ALL THE DIFFERENCE. A countryman walked into the office of a lawyer one day, and began~-is ap plication " Sir, I have come to get your advice in a case that is giving mesometrouble? "Well, what is the matter ?' "Suppose now," said the client, "that a man had a spring of water on his land, and his neighbour living below should build a dam across the stream running through both farms, and it was to back the water upinto the other man's spring, what ought to be done ?' "Sue him, sir; sue him, by all means,' said the lawyer, who always became ei cited in proportion to the grievance of his client. "You can recover heavy da mages, sir, and the law will make him pay well for It. Just give me the case, and I'l extract the money from him- "But, stop," cried the terrified appli. cant for legal advice ; "it is I who have built the dam, and it's my neighbour -Jones who owns the spring; and he threatens to sue me." The keen lawyer hesitated a momen' before he tacked his ship. and went on "Ah ! w...
INTERCOLONIAL RATES. TO NEW SOUTH WALES, NEW ZEALAND, QUEENSLAND, SOUTH AUSTRALIA, TASMANIA, WEST. AUSTRALIA, FIJI, NEW HEBRID[?]S AND BRITISH NEW GUINEA. [Newspaper Article] — North Melbourne Gazette — 4 January 1895
INT.RCO.iONi AL.F AT~ES. To NEw Sotric WALxs, N1Ew ZiEAAiD, QUENesrLADI SouTU AUSTP.Aorr TAsssas t, WErST. AUSTRALIA, . N. .. . : n u "- ? .. AND- Bmisis E;v Guisoa. Litrr-s-, ter . ounce or .under 2 Lx"TER CARDS to N. S. Wale S. Australia, Queensland, Tas-, mania, W. Australia ... To New Zealand and Fiji =' Boos.--Per four o-anesorunde / (up to threewbs)... N EWSPAPERS ... REGISTRATION TEE... ... BULK parcels of newspapers,post-:° ý ed by a registered newspaper publisher or newsvendor, per ' lb or fraction thereof ... --0--" PARCEL PosT.-To S. Australia, Queensland, New Zealand, Tasmania, and W. Australia only.-Per lb or' under 0 8 Each additional lb, or under (up to 11 lbAs ... 0 6 COMMERcIAL PAPERS AND PRIN TED PAPERs.-Per every two ounces or under (up to 41bs) 0 1 (Items see Victoria) PATTERNS, samples, paclets of merchandise, &c.-Per every two ounces or under (up to 1lb) 0 1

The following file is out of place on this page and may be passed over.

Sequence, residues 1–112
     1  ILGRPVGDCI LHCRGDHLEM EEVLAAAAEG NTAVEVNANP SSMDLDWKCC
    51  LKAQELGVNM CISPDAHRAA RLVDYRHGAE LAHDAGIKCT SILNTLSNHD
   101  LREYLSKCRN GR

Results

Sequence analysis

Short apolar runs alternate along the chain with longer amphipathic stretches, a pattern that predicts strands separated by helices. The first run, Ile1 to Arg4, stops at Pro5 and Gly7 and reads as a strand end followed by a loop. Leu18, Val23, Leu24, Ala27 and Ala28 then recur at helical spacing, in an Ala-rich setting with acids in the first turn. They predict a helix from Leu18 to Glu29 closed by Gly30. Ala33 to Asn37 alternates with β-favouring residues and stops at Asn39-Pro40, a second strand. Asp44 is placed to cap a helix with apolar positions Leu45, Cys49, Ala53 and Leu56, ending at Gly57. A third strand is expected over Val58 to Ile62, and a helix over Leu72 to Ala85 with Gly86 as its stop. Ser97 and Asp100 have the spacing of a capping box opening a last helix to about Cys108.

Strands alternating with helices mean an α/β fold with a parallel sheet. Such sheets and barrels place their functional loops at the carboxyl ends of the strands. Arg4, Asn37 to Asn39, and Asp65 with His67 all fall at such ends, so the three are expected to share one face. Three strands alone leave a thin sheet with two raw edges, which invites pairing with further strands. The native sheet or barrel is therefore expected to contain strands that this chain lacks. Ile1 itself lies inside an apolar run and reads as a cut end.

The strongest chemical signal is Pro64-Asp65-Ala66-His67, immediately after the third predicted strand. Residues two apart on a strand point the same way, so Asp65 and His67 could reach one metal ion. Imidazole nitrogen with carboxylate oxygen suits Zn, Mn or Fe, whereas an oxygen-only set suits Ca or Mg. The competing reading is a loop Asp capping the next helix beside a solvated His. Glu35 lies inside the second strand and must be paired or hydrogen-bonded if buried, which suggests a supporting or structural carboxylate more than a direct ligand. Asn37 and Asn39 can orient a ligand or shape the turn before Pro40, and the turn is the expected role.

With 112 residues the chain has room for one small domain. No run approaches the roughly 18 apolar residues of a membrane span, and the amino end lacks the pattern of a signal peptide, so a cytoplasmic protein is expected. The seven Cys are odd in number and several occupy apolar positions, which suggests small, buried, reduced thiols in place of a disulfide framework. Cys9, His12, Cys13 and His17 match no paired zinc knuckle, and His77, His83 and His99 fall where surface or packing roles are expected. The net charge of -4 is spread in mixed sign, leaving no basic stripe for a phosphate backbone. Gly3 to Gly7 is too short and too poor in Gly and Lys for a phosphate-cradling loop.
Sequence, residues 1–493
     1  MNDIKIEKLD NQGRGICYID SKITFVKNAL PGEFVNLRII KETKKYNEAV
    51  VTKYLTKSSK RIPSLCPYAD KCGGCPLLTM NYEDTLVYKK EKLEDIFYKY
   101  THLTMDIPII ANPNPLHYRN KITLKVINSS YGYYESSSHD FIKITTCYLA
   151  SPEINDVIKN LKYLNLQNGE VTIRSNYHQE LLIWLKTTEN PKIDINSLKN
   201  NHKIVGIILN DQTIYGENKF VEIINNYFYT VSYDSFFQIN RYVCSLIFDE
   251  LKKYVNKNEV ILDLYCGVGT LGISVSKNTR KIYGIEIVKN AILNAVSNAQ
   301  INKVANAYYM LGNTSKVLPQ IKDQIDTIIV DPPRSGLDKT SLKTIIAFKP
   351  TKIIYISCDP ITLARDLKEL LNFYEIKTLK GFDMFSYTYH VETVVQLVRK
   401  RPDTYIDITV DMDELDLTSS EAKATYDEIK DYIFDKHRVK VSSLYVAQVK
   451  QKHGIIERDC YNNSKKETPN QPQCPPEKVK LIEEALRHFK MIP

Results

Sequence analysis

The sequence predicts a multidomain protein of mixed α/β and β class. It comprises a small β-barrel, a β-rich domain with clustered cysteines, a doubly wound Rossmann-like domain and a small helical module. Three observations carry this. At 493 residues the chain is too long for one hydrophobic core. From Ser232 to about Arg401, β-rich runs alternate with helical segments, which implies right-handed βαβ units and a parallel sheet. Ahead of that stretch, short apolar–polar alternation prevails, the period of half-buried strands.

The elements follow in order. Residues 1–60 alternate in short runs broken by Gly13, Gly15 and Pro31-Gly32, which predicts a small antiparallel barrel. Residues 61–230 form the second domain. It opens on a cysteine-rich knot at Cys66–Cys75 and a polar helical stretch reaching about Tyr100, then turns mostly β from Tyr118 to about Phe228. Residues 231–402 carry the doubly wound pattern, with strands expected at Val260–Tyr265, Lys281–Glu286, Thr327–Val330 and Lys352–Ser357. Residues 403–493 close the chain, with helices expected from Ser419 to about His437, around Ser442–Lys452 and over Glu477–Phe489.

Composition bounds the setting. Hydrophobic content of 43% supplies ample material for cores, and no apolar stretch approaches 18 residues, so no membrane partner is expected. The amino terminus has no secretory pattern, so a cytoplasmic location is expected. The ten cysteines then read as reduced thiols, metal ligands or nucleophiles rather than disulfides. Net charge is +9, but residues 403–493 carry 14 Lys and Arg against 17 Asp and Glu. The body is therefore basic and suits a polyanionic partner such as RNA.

A Big Flare Up. MESSRS. FALLSHAW BROTHERS PREMISES RAZED TO THE GROUND. [Newspaper Article] — North Melbourne Gazette — 4 January 1895
A Big Flare Up. .?SSIIS. FAL,LSEAW IIROTtIERS PRtEISES LIAZED TO TtiE GRIOUND. 'iThe gr'eatr portion of Fallshaw IBrothers premises were burnt to the ground yesterday about an ihour before noon. The fire is supposed to have originated at the bieck but at present it is a myvtevy. The firm estimates the loss at about, £tLO0O aul held insurance to .aout 35oo00 so that the Brothers will sustain, a heavy loss. The local branch of the fire bricade service under superintendent Lougihridge was quickly on the sceue and attacked the enemy vigorously. Very shortly after, Mr, Stein arrived with s amall army of tire fighters and appliances: It was quickly apparent that the building in which the fire was located was past saving add'all efforts were devoted to protecting the adjacent properties. Three cottages in Harris Street were severely burnt, the occupauts removing their belongings with more haste than care, many willing hands helping in their remoral and, we are sorry to say, destrue tion, n...
Advertising [Newspaper Article] — North Melbourne Gazette — 4 January 1895